Tag Archives: leadership principle

The meaning of leadership

You can find them in all walks of life, in all fields of endeavour. They seem to walk taller, though not necessarily speak louder, than the rest of us. They rarely shout, but they always inspire through their deeds and words.

They are the leaders among us.

I was reminded of this while reading a short piece in the Telegraph-Journal about Scott McCain, owner of the Saint John Sea Dogs, who addressed his team before a recent play-off game in Windsor, Ontario.

According to team forward Bokondji Imama, “He told us that he was already proud of us and that we’ve had a hell of a season, so that kind of gave us back our confidence. He said that whatever happens, he’s always going to be proud of us and he’s always going to love us.”

Added team captain Spencer Smallman: “He came in and just wanted to reassure us that from a organization standpoint, he had full confidence in us. He definitely psyched the boys up. It means so much. He’s a powerful guy. He’s right at the top, and none of this would be possible without him. We’re very grateful for him, and to hear those words and see it in his eyes how confident he is us, I think the confidence spread through the room.”

I know Scott McCain personally, and he has always struck me as a natural leader. But are leaders born or made? As U.S. business consultant Erica Andersen wrote in Forbes Magazine a few years ago, “What I’ve learned by observing thousands of people in business over the past 30 years, though, is that – like most things – leadership capability falls along a bell curve.  Some people are, indeed, born leaders.These folks at the top of the leadership bell curve start out very good, and tend to get even better as they go along. Then there are the folks at the bottom of the curve: that bottom 10-15 per cent of people who, no matter how hard they try, simply aren’t ever going to be very good leaders. They just don’t have the innate wiring.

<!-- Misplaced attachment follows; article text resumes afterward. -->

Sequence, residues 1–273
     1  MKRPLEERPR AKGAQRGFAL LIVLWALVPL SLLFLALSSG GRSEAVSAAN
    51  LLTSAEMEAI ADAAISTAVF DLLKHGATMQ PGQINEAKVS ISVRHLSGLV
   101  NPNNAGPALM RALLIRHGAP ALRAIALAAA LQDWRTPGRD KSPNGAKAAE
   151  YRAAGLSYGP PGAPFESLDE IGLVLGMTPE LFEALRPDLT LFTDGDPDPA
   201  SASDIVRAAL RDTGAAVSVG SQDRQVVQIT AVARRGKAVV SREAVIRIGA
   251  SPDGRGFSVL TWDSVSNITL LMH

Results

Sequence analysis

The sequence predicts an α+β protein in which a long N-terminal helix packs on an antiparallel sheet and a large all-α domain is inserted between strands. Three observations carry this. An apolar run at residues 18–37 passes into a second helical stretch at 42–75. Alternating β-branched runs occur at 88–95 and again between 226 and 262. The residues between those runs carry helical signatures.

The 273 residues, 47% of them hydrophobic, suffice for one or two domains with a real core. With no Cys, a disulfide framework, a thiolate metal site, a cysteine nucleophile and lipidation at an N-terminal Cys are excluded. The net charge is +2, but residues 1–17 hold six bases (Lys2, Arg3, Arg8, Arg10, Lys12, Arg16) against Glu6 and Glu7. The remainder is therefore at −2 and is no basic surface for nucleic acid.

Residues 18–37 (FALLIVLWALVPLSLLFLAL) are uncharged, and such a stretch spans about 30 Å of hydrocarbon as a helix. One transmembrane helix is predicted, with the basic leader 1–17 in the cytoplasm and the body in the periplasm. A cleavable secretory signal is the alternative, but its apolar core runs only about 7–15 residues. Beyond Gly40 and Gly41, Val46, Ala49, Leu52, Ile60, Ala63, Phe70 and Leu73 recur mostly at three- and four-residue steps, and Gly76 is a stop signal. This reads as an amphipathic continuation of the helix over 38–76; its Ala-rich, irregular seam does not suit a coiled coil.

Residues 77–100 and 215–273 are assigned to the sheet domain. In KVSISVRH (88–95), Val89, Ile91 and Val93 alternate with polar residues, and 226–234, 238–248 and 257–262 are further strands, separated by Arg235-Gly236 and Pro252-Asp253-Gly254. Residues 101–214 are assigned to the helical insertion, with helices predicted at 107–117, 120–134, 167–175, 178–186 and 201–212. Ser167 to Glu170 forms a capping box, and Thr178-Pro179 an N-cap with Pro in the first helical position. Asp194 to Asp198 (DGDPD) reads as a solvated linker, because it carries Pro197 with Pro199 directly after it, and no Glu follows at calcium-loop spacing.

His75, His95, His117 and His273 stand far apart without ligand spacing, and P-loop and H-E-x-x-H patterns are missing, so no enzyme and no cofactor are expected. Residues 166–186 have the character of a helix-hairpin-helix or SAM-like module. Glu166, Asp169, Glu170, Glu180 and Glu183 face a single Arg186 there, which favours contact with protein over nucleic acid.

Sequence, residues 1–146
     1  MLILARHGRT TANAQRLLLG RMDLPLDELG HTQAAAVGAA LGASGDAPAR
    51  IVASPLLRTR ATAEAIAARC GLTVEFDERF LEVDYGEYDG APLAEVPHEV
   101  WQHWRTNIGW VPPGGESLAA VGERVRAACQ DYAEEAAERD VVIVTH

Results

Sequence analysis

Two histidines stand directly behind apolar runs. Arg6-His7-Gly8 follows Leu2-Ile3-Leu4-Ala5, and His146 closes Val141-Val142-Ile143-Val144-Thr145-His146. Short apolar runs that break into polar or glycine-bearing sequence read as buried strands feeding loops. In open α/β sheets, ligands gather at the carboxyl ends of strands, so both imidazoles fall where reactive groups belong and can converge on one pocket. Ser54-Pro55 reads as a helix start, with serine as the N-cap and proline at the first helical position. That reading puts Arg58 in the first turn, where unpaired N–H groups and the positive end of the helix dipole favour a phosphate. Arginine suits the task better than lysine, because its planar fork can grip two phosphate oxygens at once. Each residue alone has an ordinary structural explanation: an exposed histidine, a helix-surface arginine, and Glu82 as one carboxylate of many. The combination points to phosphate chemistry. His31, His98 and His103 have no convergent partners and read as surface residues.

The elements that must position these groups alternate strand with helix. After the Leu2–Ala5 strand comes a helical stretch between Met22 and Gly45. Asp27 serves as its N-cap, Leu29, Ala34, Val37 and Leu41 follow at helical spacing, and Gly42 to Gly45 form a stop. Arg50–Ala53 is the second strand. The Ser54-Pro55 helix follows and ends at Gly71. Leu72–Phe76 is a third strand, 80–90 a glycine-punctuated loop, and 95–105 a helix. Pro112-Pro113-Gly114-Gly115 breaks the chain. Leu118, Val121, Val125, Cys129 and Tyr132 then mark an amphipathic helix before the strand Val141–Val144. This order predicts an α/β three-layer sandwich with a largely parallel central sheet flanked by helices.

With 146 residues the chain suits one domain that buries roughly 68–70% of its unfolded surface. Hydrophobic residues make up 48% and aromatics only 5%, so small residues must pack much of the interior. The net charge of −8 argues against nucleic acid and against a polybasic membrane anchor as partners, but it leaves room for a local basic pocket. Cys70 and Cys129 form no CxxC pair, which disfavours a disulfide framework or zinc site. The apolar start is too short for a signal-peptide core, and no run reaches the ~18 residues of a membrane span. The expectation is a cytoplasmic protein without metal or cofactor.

“Then there’s the big middle of the curve, where the vast majority of us live. And that’s where the real potential for ‘made’ leaders lies. It’s what most of my interviewers assume isn’t true – when, in fact, it is: Most folks who start out with a modicum of innate leadership capability can actually become very good, even great leaders.”

This must be indisputably good news for New Brunswick and the rest of the Atlantic Provinces. It’s doubtful there’s ever been a time in the recent past of this region when good leaders have been in heavier demand. And the possibility that most of us, given the chance and under the right circumstances, can become the heroes of our lives is, frankly, comforting.

So then, what shall our leadership qualities look like? Think about Donald Trump’s nest of psychological predilections and reverse them.

Good leaders are not narcissists. They are empathizers, because to motivate people, they must understand what makes others tick.

Good leaders are not bullies. They are negotiators, because to get anything done well, they must inspire, not threaten or cajole.

Then there’s the usual shopping list of characteristics business magazines and related websites are fond of trotting out: honesty, confidence, the ability to delegate chores, passion, a sense of innovation, integrity, authenticity, patience, open-mindedness, determination, decisiveness.

We can observe genuine leaders in all sectors of our society – government, education, health care, the arts, business.

Just take some time and look closely.

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What is the measure of true leadership?

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If New Brunswick’s economic morass demonstrates anything it is that, as the province careens from one predictable trauma to another, true leadership is becoming as rare as snow in Sudan.